At the online version of the annual Consumer Electronics Show on Monday,
said that it was ramping up production of its advanced server processors throughout the first quarter, and introduced four new families of chips.
Intel’s (ticker: INTC) statement about the third-generation Xeon Scalable processor and its new laptop and desktop chips, arrives amid widespread supply chain issues across the chip sector. The backlog has hampered
(NVDA) rollout of its latest Ampere-based graphics cards, created shortages of chips for autos, and hurt Apple’s ability to manufacture iPhones, among other products.
Intel’s announcement about the Xeon chips Monday is a demonstration of the advantage Intel has by designing and making its own chips—in this case allocating the resources to ramp production of chips for its highly profitable data center division. Companies that don’t manufacture chips themselves can face issues if they wish to secure increased manufacturing capacity, which can be sought after by rivals.
“This tight integration of engineering and manufacturing together at our company has been beneficial for us over the last 30 years, in how we bring products to market, how we manage the supply chain,” Intel vice president of client computing Gregory Bryant told Barron’s in a phone interview Monday. “It’s been a real advantage, and it’s certainly helping us now as demand has increased and the shape of that demand has changed.”
Rivals such as Advanced Micro Devices (AMD) and Nvidia have opted to outsource manufacturing to companies such as
Taiwan Semiconductor Manufacturing
(TSM), Samsung Electronics, and others.
“We have some capability even within the quarter in order to meet demand with our factories,” Bryant said, referring to the company’s ability to adjust its production.
But Intel’s once-industry leading manufacturing technologies have fallen behind in recent years, and the company has pushed out its next generation fabrication process until at least late 2022. The company has also promised to tell investors this month how it expects to bridge the widening gap between it and rivals such as Taiwan Semi, which it already contracts to make some of the chips it designs. At least one analyst predicts that it will announce a deal with Taiwan Semi to outsource some production.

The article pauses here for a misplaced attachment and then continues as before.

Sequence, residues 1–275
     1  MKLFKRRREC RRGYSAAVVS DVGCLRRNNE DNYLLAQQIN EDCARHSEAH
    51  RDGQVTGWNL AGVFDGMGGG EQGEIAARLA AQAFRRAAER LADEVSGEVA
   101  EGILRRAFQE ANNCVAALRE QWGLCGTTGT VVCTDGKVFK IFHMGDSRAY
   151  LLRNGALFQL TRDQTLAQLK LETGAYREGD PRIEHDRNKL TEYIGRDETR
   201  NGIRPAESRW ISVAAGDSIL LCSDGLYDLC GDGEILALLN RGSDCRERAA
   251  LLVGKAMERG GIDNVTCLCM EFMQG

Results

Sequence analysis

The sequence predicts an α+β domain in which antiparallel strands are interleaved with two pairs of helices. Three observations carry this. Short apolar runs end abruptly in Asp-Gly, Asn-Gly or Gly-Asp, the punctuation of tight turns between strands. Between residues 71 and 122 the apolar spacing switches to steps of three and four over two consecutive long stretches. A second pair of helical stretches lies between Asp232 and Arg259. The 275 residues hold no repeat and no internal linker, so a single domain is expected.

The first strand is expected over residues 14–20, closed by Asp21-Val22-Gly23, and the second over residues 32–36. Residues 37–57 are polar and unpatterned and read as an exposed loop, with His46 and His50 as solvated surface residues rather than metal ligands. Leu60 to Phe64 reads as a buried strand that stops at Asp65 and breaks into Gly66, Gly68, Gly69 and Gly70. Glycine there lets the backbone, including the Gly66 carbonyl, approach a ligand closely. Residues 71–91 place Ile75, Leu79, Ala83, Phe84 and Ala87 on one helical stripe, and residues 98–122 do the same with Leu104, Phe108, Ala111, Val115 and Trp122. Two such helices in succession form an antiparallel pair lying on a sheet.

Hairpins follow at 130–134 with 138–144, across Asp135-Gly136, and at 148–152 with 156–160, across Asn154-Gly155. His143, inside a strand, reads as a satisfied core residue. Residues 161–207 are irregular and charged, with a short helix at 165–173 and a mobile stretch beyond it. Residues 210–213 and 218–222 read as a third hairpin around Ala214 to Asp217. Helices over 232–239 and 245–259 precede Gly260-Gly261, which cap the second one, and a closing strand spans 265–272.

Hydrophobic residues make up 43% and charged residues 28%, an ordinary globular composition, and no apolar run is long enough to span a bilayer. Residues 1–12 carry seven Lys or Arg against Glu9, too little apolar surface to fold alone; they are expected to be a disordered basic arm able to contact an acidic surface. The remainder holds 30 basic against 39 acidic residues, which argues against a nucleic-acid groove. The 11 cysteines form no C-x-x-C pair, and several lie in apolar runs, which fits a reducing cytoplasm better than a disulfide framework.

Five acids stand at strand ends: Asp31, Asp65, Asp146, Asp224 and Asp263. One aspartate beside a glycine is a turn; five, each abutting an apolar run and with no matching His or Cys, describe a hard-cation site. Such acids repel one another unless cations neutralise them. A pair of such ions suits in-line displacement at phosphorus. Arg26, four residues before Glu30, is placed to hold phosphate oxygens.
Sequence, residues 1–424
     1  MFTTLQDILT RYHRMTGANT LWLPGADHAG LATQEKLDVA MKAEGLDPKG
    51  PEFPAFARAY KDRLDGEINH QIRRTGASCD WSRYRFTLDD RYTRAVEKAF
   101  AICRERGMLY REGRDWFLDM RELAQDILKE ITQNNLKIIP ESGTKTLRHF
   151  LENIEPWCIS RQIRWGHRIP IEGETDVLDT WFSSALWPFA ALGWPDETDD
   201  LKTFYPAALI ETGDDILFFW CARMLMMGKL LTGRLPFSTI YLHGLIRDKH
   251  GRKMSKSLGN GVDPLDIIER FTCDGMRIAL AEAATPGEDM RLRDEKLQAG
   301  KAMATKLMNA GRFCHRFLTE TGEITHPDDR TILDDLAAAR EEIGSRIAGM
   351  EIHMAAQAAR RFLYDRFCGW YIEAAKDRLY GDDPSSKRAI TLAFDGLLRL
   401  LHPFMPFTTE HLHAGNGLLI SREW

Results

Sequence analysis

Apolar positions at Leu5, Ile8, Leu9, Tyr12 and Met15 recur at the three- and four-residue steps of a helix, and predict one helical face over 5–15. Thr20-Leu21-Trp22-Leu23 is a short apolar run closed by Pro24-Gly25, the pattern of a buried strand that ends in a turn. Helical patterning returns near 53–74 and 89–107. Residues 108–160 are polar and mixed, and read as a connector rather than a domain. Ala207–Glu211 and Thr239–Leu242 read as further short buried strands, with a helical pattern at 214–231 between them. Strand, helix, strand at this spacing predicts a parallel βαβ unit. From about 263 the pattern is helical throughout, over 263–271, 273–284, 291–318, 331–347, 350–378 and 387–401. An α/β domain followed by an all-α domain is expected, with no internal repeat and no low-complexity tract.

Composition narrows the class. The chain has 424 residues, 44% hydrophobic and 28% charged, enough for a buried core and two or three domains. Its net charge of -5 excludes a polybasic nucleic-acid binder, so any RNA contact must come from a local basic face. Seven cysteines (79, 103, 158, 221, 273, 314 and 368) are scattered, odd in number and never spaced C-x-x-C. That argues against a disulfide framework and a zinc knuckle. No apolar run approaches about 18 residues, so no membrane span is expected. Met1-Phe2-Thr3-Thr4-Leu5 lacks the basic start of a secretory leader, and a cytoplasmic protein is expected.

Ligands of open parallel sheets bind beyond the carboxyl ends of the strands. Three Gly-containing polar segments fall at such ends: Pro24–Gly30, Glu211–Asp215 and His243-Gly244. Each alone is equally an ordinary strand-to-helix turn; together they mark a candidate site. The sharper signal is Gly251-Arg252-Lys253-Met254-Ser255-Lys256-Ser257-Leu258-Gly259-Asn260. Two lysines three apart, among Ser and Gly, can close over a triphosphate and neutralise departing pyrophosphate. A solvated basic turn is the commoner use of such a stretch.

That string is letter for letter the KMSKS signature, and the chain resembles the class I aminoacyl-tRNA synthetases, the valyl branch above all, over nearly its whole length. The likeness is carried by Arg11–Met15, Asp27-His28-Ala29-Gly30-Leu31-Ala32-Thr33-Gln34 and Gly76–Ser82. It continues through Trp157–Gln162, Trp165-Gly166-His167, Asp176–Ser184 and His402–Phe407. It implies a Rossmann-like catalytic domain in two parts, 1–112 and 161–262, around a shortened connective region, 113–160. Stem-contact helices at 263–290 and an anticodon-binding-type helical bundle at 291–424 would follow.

Also Monday, Intel announced four new processor lines that are designed around the needs of specific markets. For example, the business chips have increased security measures built in, and a set of chips that maximize their performance while playing complex videogames. Intel stock rose 0.9% in the extended session Monday after the keynote concluded.
“[The new chips] are a great example of our laser focus on execution,” Bryant said. “This is just a proof point in our execution and our transformation from just CPU to kind of X-PU and taking advantage of this wide breadth of opportunities.”
Laptop demand remains strong, and rose 12% in December, compared with the prior month, according to a research note from Citi analyst Christopher Danely Monday. His team expects the 2021 quarter ending in March will be better than a typically year, as supply constraints are pushing some laptop shipments into 2021 from 2020.
“Strong notebook demand from at-home trends will continue to help Micron, Intel and AMD, but we expect this demand to saturate later this year as work/learn normalcy returns with vaccine rollout,” Danely wrote.
Write to Max A. Cherney at firstname.lastname@example.org